Conflicts of interest

The authors have no conflicts of interest to declare.

Authors’ contributions

HJH and WVI drafted the manuscript, and all other authors contributed to the final version. All authors contributed to the InforMD public awareness campaign and development of the InforMD website.


InforMD would like to thank the women affected by density and breast cancer who were the inspiration for development of our national alliance, and who assisted with our public awareness campaign. We would also like to thank the science communicators and journalists who helped us communicate our message.


1. American College of Radiology (2017) ACR BI-RADS® Atlas 5th edn (Reston: American College of Radiology)

2. Sprague BL, Gangnon RE, and Burt V, et al (2014) Prevalence of mammographically dense breasts in the United States J Natl Cancer Inst 106(10) 6 PMCID: 4200066

3. Egan RL and Mosteller RC (1977) Breast cancer mammography patterns Cancer 40(5) 2087–2090<2087::AID-CNCR2820400516>3.0.CO;2-3 PMID: 922658

4. McCormack VA and dos Santos Silva I (2006) Breast density and parenchymal patterns as markers of breast cancer risk: a meta-analysis Cancer Epidemiol Biomarkers Prev 15(6) 1159–1169 PMID: 16775176

5. BreastScreen Australia (2016) Position Statement on Breast Density and Screening Within the Breastscreen Australia Program (Australian Government Department of Health, BreastScreen Australia) []

6. Royal Australian and New Zealand College of Radiology (2017) Position Statement on Breast Density (Royal Australian and New Zealand College of Radiology, RANZCR) []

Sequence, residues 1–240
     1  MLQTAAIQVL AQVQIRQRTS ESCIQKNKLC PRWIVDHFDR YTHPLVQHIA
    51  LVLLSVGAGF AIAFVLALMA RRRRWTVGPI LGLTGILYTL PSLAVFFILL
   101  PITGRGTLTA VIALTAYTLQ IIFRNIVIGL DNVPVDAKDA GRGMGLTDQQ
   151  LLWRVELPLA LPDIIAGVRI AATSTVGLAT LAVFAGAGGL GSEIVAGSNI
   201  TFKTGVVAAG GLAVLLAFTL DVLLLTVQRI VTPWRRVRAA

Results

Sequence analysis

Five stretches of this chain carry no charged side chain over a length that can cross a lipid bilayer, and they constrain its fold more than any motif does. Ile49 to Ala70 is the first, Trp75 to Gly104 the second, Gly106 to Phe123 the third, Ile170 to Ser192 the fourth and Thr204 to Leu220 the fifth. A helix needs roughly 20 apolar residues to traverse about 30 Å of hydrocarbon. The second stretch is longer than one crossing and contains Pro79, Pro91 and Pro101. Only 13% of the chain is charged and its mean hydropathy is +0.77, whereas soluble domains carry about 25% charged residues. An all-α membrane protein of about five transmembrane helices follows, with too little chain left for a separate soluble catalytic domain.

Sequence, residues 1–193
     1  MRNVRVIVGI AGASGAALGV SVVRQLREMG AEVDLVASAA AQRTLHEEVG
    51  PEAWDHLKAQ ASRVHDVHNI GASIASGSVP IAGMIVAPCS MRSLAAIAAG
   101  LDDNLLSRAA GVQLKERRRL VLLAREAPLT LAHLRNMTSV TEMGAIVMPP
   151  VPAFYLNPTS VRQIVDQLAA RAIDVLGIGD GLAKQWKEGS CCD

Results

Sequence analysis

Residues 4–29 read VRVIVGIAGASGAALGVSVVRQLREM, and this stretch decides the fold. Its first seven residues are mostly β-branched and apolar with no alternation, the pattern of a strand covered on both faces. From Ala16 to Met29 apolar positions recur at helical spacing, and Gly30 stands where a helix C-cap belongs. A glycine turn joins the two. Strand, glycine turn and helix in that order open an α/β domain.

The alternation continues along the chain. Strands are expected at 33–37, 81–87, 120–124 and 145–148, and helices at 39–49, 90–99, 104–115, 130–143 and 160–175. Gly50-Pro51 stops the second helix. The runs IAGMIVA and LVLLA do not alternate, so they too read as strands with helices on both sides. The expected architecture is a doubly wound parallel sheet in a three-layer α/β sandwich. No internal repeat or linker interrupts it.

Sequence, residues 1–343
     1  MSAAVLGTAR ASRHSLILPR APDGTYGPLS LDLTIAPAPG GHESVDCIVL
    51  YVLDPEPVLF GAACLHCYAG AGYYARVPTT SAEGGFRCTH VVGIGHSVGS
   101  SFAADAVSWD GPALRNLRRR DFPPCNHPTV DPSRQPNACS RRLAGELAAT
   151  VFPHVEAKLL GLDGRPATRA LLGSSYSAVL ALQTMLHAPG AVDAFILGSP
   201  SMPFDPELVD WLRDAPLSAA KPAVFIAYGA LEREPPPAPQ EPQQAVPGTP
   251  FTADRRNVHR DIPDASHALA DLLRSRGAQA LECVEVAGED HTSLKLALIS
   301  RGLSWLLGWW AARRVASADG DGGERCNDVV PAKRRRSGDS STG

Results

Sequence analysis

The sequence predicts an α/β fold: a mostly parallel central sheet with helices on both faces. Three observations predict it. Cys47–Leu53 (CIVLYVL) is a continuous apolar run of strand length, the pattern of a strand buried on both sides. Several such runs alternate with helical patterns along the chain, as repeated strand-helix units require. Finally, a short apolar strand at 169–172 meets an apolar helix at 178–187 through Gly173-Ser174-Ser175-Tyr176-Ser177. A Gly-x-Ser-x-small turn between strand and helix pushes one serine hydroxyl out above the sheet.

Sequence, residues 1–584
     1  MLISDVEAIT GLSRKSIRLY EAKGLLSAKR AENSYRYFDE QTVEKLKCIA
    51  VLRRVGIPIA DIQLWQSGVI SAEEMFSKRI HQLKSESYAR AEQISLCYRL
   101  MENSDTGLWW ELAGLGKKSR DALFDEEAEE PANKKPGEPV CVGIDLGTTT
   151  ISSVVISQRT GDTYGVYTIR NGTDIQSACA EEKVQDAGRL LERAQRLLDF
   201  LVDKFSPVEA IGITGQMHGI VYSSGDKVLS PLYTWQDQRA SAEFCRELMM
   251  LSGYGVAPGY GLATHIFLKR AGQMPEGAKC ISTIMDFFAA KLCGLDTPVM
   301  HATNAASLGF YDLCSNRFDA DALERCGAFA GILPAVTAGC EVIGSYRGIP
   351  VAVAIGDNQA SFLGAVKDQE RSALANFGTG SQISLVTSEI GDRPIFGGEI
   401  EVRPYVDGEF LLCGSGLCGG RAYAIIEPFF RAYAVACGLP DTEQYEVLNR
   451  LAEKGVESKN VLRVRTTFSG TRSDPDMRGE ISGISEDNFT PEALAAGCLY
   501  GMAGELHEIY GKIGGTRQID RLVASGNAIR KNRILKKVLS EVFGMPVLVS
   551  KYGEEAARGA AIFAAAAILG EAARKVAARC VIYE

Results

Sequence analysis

7. Gard CC, Aiello Bowles EJ, and Miglioretti DL, et al (2015) Misclassification of breast imaging reporting and data System (BI-RADS) mammographic density and implications for breast density reporting legislation Breast J 21(5) 481–489 PMID: 26133090 PMCID: 4558212

8. Spayne MC, Gard CC, and Skelly J, et al (2012) Reproducibility of BI-RADS breast density measures among community radiologists: a prospective cohort study Breast J 18(4) 326–333 PMID: 22607064 PMCID: 3660069

9. BreastScreen WA (2016) BreastScreen WA Information for Women: Dense Breasts (Australian Department of Health, BreastScreen WA) []

10. BreastScreen WA (2016) BreastScreen WA Information about Breast Density for GPs (Australian Department of Health, BreastScreen WA) []

11. Britt K, Hugo HJ, and Stone J, et al (2016) Women should be told about their breast density when they have a mammogram Conversation []

12. DenseBreast-Info Legislation (2017) DenseBreast-Info []

13. Yeh VM, Schnur JB, and Margolies L, et al (2015) Dense breast tissue notification: impact on women’s perceived risk, anxiety, and intentions for future breast cancer screening J Am Coll Radiol 12(3) 261–266 PMID: 25556313 PMCID: 4352389